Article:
Because of those strong links to history, today is not like any other day. It would certainly be nice if the country would honor us vets with a day off, if more companies would make an effort to recognize the contributions we've made in some small way. But also because of that history of personal sacrifice that not everyone is willing to make you won't find many veterans who will complain about the seeming short shrift given our contributions. And because the government doesn't make today a "major holiday," and because the workplace treats us all as just another "human resource," even today, most non-veterans don't give it another thought.

But if you happen upon this post today, I hope you'll read it in the way it is meant; a gentle reminder of what today means. Of what the people today is meant to honor have done for this country. I hope it also reminds you that the sacrifices veterans have made for all of us were predicated on one grand idea, an idea - an ideal - in every public servant's oath of office, but which has special meaning to a soldier. Remember this idea when someone talks of "supporting the soldiers" when you know that they mean something entirely different.

Soldiers have one duty above all:

"To support and defend the Constitution of the United States from all enemies, foreign and domestic."

Dismantling Government; One Branch at a Time

Republicans hate judges who "legislate from the bench" (a semantically meaningless phrase), except when they legislate the "right" way. But what they really hate is any branch of the government that gets in their way. The Supreme Court has previously ruled that detainees at GITMO had a right to file habeus corpus petitions in regard to the their detention.

Republicans in Congress couldn't stand that their sock puppet in the White House (and his puppet masters) would be held to the Constitution. So, what did they do?

The Senate voted Thursday to bar foreign terror suspects at the U.S. prison in Guantanamo Bay, Cuba, from filing lawsuits in American courts to challenge their detentions, despite a Supreme Court ruling last year that granted such access.

In a 49-42 vote, senators added the provision by Sen. Lindsey Graham, R-S.C., to a sweeping defense policy bill.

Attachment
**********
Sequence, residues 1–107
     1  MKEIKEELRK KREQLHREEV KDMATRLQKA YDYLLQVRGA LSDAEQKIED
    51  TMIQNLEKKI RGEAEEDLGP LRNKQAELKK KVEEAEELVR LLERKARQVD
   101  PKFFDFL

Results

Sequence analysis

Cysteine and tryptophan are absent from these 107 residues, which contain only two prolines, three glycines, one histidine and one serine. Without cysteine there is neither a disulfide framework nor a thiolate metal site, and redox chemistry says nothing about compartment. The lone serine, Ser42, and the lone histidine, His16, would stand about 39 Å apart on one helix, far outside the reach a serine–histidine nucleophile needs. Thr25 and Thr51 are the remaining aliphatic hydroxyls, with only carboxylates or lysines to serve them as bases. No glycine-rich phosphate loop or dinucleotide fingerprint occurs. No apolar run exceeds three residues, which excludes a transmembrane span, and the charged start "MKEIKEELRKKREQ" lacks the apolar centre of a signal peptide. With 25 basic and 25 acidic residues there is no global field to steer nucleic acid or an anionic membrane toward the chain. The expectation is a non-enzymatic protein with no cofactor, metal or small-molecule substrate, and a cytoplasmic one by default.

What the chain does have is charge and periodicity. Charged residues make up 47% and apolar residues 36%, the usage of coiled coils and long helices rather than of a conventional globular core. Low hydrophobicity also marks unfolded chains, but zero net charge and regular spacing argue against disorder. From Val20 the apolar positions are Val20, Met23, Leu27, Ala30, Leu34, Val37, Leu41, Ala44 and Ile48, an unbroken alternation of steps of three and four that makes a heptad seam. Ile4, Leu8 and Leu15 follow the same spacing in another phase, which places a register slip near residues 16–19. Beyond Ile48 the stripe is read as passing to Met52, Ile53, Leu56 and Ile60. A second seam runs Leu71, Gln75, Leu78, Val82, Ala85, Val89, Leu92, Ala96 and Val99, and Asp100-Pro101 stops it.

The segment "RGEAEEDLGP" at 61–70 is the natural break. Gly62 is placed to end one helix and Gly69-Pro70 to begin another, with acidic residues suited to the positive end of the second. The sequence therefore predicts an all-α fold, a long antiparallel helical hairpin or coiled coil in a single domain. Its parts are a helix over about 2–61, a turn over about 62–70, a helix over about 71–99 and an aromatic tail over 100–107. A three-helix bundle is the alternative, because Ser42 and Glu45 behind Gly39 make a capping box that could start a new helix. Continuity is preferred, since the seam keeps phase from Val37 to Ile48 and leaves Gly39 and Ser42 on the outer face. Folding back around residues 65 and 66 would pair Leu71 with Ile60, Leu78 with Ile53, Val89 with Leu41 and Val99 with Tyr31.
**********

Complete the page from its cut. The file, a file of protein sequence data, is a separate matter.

Stripping the power of an entire branch of our Federal Government to provide the constitutionally mandated checks and balances is no surprise from the current Republican leadership. It is, however, a disgusting display of disregard for our founding principles and a blatant attempt to further consolidate power in an imperial figurehead.

Thursday, November 10, 2005

Lame Duck

There's the dictionary definition:

Function: noun
1 : one that is weak or that falls behind in ability or achievement; especially chiefly British : an ailing company
2 : an elected official or group continuing to hold political office during the period between the election and the inauguration of a successor
3 : one whose position or term of office will soon end
And then there's Bush:

House leaders late Wednesday abandoned an attempt to push through a hotly contested plan to open an Alaskan wildlife refuge to oil drilling, fearing it would jeopardize approval of a sweeping budget bill Thursday.


The move in the House was yet another setback for Bush, whose Social Security overhaul also has stalled in Congress. At the same time, his presidency has been troubled by mounting U.S. casualties in Iraq, the withdrawal of Supreme Court nominee Harriet Miers and the investigation over the leak of a CIA operative’s identity.

Twenty-five Republicans, led by Rep. Charles Bass of New Hampshire, signed a letter asking GOP leaders to strike the Alaskan drilling provision from the broader $54 billion budget cut bill.
To borrow a phrase from John at AmericaBlog: Lamest. Duck. Ever.

Wednesday, November 09, 2005

Read 'em and Weep

I love it!

I hate to laugh at somebody who's been beaten so low... okay, not in this case.